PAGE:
Doctor Who - The Veiled LeopardIt’s Monte Carlo, 1966, and Peri and Erimem are on an assignment: the Doctor has sent them to steal the Veiled Leopard, a spectacular diamond with unusual markings at its center. But this time, the TARDIS travelers are on their own, and the Doctor isn’t there to help them deal with someone else who’s there for the same reason, to say nothing of the other shady characters populating the casino. Two of the other guests in particular stick out like a sore thumb, which is an odd coincidence, because their names are Hex and Ace – and they’ve been sent by the Doctor to make sure that nobody steals the Veiled Leopard.

written by Iain McLaughlin & Claire Bartlett
directed by Gary Russell
music by David Darlington

Cast: Nicola Bryant (Peri), Caroline Morris (Erimem), Sophie Aldred (Ace), Philip Olivier (Hex), Lizzie Hopley (Lady Lillian Hawthorne), Alan Ruscoe (Peter Mathis), Steven Wickham (Gavin Walker), Stephen Mansfield (Jean, the Commisionaire)

Notes: Alan Ruscoe appeared in almost half of the episodes of the first season of the revived Doctor Who, playing heavily-costumed parts such as Autons, Slitheen and assorted androids; he also appeared in the first two movies of the Star Wars prequel trilogy. Steven Wickham was Lister’s blushing GELF bride in the Red Dwarf episode Emohawk: Polymorph II. If you’re trying to fit written and audio Doctor Who into the same continuity, the fifth and seventh incarnations of the Doctor met up again both before and after this story; the Missing Adventures novel “Cold Fusion” takes place further back in the fifth Doctor’s life (when he’s traveling with Tegan, Nyssa and Adric), and much later in the seventh Doctor’s (when he’s no longer traveling with Ace or Hex, but instead shares the TARDIS with Chris Cwej and Roz Forrester).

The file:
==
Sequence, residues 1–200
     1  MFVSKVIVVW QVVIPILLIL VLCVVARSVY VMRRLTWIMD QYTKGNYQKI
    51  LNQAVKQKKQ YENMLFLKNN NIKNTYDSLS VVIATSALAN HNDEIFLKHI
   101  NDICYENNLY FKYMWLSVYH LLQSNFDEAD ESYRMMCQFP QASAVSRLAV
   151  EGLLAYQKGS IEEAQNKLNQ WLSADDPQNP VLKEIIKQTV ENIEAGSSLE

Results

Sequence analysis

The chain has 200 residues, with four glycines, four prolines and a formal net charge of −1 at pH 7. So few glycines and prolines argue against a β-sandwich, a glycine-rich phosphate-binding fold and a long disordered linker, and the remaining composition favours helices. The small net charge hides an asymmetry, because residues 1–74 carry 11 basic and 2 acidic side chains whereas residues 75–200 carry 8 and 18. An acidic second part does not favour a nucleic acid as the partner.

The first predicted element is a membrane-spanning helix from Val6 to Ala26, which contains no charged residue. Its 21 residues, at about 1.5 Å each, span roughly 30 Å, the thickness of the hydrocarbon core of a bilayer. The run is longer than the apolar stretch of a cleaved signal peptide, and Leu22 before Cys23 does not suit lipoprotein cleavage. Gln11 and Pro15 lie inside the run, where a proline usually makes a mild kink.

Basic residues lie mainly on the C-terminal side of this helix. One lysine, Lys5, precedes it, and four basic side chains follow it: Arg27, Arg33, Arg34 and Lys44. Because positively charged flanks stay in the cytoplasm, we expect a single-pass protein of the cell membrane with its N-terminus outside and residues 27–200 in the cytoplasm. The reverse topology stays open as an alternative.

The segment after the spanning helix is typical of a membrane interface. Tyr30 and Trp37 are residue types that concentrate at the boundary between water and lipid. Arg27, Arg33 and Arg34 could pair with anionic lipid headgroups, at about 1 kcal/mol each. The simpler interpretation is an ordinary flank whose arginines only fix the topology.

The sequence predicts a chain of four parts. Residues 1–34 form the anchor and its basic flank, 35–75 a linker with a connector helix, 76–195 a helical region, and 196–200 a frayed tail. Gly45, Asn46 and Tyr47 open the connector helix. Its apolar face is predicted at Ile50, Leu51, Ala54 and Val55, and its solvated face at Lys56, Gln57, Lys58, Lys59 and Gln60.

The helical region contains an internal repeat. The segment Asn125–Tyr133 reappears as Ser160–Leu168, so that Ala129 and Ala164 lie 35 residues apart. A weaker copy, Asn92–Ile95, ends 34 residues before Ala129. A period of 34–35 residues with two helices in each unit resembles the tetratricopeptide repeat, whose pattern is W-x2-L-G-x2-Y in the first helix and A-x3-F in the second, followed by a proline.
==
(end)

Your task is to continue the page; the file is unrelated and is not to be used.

LogBook entry & review by Earl Green

Review: A fun little adventure in two parts – each “episode” focusing on one pair of companions – The Veiled Leopard is the most recent Doctor Who Magazine exclusive produced by Big Finish Productions, and it’s an interesting experiment; if it weren’t for the fact that so many Doctor-less audio adventures have already taken place in the Doctor Who universe during Big Finish’s reign, one could almost say this is the audio equivalent to Love & Monsters.

The Veiled Leopard could probably be considered a throwaway story, save for the appeal of the interaction of the two dynamic duos. Well, at least one of them, anyway; the Peri/Erimem side of the story is far more interesting (possibly because the two actresses have had more time to hone their characters and build the relationship that’s portrayed), while the Ace/Hex episode is just a bit odd, for lack of a better description, what with Ace apparently talking to herself over a wireless radio (or at least that’s the impression the sound design gives). When Hex tells Ace she’s being a surrogate Doctor (and then she starts to do a vocal impersonation of Sylvester McCoy), it’s almost stepping right out of the story. But that may be too much analysis for a single-CD bit of fun, which is what the DWM discs tend to be.